And sport became one way of conveying the ideals in the revolution to your working classes of Europe. The worker-sport movement stretched throughout the continent and countless workers were people sports clubs run usually by reformist organisations. The Red Sports International (RSI) was formed in 1921 together with the express goal of connecting with one of these workers. Through the following decade the RSI (as well as the reformist Socialist Worker Sports International) held many Spartakiads and Worker Olympics in opposition to your official Olympic Games. Worker-athletes from throughout the globe will come together to participate in a very whole selection of events including processions, poetry, art and competitive sport. There was none on the discrimination that marred the ‘proper’ Olympics. Men and women of the colours were allowed to take part no matter ability. The results were greatly of secondary importance.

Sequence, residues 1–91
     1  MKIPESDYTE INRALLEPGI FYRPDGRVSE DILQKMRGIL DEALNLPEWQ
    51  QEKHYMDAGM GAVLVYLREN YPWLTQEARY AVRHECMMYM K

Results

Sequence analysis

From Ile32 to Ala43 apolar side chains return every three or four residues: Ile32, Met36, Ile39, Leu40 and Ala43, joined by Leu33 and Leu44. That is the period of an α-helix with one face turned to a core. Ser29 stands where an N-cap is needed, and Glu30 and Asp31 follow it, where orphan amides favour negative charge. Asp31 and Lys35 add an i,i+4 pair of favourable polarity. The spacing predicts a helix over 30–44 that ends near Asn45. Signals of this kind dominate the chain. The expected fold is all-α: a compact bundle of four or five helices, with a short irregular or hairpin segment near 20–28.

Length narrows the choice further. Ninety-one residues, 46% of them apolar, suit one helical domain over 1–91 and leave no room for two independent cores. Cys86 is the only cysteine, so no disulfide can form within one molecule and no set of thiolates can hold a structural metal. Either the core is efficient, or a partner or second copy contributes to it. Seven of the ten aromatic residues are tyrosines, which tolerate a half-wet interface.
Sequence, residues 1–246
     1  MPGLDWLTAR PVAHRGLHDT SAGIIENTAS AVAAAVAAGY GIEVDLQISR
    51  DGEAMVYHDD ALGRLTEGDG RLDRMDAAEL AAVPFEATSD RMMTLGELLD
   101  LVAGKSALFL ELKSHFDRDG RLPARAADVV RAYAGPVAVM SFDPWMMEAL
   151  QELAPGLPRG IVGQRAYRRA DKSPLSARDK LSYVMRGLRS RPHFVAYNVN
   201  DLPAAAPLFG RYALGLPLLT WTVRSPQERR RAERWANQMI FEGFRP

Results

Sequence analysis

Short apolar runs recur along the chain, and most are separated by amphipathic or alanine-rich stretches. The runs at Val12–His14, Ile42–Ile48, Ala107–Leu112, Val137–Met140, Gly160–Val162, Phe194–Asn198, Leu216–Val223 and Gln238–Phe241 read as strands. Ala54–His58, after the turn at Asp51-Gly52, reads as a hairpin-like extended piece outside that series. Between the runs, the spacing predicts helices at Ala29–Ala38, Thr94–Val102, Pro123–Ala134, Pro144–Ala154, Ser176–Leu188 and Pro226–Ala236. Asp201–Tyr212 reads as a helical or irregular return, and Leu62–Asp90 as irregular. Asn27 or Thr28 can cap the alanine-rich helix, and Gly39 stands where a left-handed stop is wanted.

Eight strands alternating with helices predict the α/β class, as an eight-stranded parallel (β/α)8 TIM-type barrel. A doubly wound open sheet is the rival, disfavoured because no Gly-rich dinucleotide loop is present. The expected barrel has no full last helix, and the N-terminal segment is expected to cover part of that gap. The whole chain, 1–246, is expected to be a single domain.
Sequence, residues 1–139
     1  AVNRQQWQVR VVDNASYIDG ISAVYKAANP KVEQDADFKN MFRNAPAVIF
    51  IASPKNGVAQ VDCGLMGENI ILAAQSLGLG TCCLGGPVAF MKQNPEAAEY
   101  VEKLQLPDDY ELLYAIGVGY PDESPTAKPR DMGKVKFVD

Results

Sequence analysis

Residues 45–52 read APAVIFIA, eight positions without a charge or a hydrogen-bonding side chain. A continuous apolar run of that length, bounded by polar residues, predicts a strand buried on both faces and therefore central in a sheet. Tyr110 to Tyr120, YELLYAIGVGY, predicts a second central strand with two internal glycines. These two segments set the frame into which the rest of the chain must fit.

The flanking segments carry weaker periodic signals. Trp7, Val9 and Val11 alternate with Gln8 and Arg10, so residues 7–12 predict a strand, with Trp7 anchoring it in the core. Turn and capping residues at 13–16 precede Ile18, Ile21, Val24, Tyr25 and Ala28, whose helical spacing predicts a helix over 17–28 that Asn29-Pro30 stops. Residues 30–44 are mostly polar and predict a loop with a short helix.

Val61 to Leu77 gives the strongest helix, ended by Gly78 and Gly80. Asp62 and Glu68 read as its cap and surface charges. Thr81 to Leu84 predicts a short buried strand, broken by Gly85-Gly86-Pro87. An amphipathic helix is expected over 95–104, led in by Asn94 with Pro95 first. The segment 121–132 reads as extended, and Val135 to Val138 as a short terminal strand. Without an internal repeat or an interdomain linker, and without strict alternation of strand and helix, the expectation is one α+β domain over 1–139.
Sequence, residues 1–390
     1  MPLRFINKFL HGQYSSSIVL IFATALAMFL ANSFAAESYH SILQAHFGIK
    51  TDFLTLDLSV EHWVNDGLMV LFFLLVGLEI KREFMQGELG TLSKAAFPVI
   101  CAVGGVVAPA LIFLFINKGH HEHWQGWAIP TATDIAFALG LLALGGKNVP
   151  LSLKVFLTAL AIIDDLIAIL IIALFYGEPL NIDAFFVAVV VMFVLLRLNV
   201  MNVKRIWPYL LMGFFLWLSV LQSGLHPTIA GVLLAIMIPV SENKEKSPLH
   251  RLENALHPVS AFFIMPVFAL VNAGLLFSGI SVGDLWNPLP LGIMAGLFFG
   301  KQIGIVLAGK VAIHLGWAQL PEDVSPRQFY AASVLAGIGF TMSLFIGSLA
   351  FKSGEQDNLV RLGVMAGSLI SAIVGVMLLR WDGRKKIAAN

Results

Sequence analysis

So, were the Bolsheviks anti-sport? They certainly wouldn’t seem to go so far as Proletkult’s fervent ideological opposition and, when we have seen, were ready to utilise sport from the pursuit of wider political goals. No doubt there was clearly many individual Bolsheviks who despised sports. Equally a few will have greatly enjoyed them. Indeed, as being the British secret agent Robert Bruce Lockhart observed, Lenin himself became a keen sportsman: “From boyhood he been keen on shooting and skating. Always an excellent walker, he became a keen mountaineer, a lively cyclist, with an impatient fisherman.” Lunacharsky, despite his association with Proletkult, extolled the virtues of both rugby union and boxing, hardly essentially the most benign of contemporary sports.
This will not be to say that this party was uncritical of ‘bourgeois’ sport. It is clear how they tackled the worst excesses of sport under capitalism. The increased exposure of competition was removed, contest that risked serious injury for the participants was banned, the flag-waving nationalist trappings endemic to modern sport disappeared, along with the games people played were no more treated as commodities. But the Bolsheviks were never overly prescriptive within their analysis products physical culture need to look like.